Born Augustus Clarke in rural Jamaica on March 26, 1954, Gussie lost his mother so early in life that he has no memory of her. After being housed in an approved school, he was adopted by Miss Iris Robinson of Kingston, who sent him to Calabar Primary School and Kingston College (High School). In 1966, his second year at Kingston College, Gussie developed the daily habit of arriving at school very early so that he could maximize the revenues from a business he innovated, selling rides on his bicycle. Propelled by some mysterious inner force, which he simply calls destiny, he combined his earnings from the bicycle-ride business with saved lunch money to buy a pre amplifier, turntable, speaker and power amplifier parts.
He also learnt to make speaker boxes in woodwork class, and Miss Robinson engaged a technician to make a power amplifier as a birthday gift. Gussie had a series of barter deals which lead to King Gussie Hi-Fi this precocious juvenile entrepreneur had now joined the ranks of famous men whose heavy-bass sound systems pounded out reggae music in its infancy and provided the medium for the birth of DeeJay music, a genre that would eventually spawn American rap.
Operating out of an old wooden house downtown, Gussie imported records through a friend in New York and supplied sound systems with 7áÓá, 12áÓá and Dub specials. Attaining another dimension in the industry, he also voiced a song at the renowned Downbeat Studio 1.
A Budding Career
In 1972, the seasoned 18-year-old was ready to launch his career as record producer. His first artiste was the legendary pioneer DeeJay U-Roy, who voiced for him a single entitled,The Higher The Mountain. That debut record by Clarke was to become a classic. It also portended a career marked by vision, planning, focus, organization and integrity and ultimately success. Always breaking new ground, Gussie Clarke became probably the first truly professional producer in an industry that has been laden with creative talent but lacking in efficient administration.
With an uncanny knack of picking winners, over the years he has produced crucial records for a number of outstanding Jamaican artistes such as U-Roy, I-Roy, Augustus Pablo, Dennis Brown, Gregory Isaacs, The Mighty Diamonds, Freddie McGregor, J.C. Lodge, Coco-T, Home-T, Thriller-U and Shabba Ranks, Maxi Priest among others.
The Jamaican “Hit factory”
Some of the notable hits include Telephone Love by J.C. Lodge, Just A Little Bit Longer by Maxi Priest, Twice My Age by Shabba Ranks and Krystal, Rumours by Gregory Isaacs, Two Wicked album by Aswad and Mr. Loverman by Shabba Ranks.
Gussie Clarke was perhaps the first Jamaican producer to issue regular royalty statements to artistes, and one of the earliest to engage in music publishing (Dub Plate Music Publishers). One ex-client summed up the superlatives that seem to come from all who have done business with Clarke over the years: He is definitely the most professional producer we have. Yet many see Gussie most significant contribution to the Jamaican music industry not in his producing or publishing (over 5,000 songs in the Dub Plate catalogue) but in the recording facilities he has built and operated in Kingston.
Starting in 1987 with the launch of his famous Music Works studio at 56 Slipe Road, close to the inner-city areas of Kingston, he developed a peerless reputation as the leader of a team that produced magical chart-topping sounds. What was perhaps not fully appreciated was Gussie’s uncanny judgment of character and human resource potential and his superb natural gifts as a motivator and mentor.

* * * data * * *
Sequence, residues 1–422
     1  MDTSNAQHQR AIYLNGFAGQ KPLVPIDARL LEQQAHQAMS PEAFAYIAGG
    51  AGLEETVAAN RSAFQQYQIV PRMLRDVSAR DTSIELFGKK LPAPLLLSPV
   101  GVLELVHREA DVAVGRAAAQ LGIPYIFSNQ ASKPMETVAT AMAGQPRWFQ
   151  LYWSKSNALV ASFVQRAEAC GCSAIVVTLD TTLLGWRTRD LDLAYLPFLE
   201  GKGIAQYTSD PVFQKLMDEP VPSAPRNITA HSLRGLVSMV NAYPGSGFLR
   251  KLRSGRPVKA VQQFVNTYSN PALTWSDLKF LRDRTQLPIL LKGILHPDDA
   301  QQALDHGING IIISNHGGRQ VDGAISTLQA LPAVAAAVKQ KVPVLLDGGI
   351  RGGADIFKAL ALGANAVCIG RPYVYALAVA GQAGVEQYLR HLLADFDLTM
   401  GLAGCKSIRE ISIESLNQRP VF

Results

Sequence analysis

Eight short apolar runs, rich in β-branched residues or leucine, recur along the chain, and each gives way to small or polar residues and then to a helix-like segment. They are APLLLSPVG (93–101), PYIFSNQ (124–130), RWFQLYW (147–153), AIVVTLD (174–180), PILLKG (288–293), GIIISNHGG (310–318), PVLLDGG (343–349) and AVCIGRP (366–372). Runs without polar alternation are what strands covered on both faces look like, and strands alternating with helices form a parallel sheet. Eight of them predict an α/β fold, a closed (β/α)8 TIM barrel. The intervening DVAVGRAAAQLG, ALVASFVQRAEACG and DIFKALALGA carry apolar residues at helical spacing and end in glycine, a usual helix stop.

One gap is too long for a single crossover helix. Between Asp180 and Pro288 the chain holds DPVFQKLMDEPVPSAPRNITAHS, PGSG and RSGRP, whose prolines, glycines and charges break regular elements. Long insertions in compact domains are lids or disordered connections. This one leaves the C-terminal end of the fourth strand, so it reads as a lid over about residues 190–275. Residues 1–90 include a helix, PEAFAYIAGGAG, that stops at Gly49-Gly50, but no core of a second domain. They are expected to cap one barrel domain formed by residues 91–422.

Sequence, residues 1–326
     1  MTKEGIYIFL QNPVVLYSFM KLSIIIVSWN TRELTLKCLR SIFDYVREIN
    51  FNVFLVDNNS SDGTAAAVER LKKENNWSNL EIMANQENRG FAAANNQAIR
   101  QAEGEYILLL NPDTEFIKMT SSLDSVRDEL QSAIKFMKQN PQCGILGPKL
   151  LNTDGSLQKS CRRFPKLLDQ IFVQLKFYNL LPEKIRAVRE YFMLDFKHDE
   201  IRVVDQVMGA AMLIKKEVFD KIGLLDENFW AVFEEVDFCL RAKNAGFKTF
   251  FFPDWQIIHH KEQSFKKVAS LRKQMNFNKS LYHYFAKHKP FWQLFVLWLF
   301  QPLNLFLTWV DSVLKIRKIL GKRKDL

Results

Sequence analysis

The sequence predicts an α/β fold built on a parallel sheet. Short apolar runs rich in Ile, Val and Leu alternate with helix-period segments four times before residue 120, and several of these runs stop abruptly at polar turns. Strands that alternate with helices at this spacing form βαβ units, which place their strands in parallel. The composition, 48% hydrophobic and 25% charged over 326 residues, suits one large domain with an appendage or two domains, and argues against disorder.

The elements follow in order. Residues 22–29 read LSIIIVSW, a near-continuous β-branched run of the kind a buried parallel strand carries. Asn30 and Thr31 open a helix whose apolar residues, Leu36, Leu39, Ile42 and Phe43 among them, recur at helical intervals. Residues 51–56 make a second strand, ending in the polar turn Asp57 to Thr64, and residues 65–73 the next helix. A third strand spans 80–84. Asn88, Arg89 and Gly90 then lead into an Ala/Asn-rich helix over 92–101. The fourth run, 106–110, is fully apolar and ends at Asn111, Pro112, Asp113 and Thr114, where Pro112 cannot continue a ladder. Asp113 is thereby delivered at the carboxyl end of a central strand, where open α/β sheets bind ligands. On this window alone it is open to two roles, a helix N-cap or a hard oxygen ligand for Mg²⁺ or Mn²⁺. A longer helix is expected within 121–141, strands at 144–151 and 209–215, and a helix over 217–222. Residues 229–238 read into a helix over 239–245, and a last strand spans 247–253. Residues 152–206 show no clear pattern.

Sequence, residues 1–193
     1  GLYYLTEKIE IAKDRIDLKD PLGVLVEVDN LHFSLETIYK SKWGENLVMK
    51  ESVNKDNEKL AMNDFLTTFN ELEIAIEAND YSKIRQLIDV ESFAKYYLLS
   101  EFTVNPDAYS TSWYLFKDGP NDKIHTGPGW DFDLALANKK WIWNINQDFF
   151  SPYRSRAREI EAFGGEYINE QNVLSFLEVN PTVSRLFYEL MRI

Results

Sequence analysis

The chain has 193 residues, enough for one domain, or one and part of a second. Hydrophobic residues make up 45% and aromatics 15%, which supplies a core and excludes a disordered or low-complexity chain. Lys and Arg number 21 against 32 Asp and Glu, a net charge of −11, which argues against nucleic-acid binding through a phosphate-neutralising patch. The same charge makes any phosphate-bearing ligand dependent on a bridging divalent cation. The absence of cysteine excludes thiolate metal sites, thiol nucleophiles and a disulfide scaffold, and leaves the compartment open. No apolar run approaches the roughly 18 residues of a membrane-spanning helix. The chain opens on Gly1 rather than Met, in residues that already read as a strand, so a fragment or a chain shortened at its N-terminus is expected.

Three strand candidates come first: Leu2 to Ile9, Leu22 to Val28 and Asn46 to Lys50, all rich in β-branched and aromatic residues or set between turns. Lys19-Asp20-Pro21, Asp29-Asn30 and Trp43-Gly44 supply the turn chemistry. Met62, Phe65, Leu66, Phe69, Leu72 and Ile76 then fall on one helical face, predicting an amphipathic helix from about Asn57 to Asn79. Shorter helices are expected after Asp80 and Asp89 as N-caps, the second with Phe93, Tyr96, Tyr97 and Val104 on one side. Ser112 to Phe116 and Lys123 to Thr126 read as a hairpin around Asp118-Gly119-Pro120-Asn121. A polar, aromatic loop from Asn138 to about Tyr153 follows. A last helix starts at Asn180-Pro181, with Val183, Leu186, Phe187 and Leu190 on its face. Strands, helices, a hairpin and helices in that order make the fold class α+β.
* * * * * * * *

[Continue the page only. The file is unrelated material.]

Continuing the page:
He is widely acknowledged as a stickler for quality, with a penchant for astute personal selection and a special feel for combinations that work well. The consensus of the music industry is that Gussie recruits the best engineers to build, maintain and operate his studios, the best musicians to lay down tracks and arrange his recordings and the best administrators to help him run the business. An artists manager described him as a very hard-working, ambitious, dedicated, focused, innovative, a trend-setter, an astute businessman, a consummate organizer, one who knows how to get the right people together and make it happen.
The strong young team that Clarke leads, is testimony to his genuine commitment to the ideals he professes. The linchpins of Anchor Recording Company, the holding company of Clarke enterprises, are young, modern, self-improving, technologically inclined, long-standing friends and associates of Gussie who merged into the business by osmosis. They shared philosophy and vision of the industry and repay his confidence and trust by high quality work and patent loyalty.
Despite his early success and his awesome reputation in Jamaica and abroad, Clarke was not about to rest on his laurels. Always the bold mover, he took a giant step in 1993 when he relocated his famous Music Works studio into a more spacious property on Windsor Avenue in Seymour lands, an upscale Kingston suburban area.
The original studio, it’s logotype proudly affixed to an exterior wall, became Studio I at the new complex. But the flagship of the relocated Music Works is the new Studio II, rated one of the best in Jamaica. The recording centre is completed by a small Studio III, and Studio IV (1997)a mecca for young musical artistes and producers.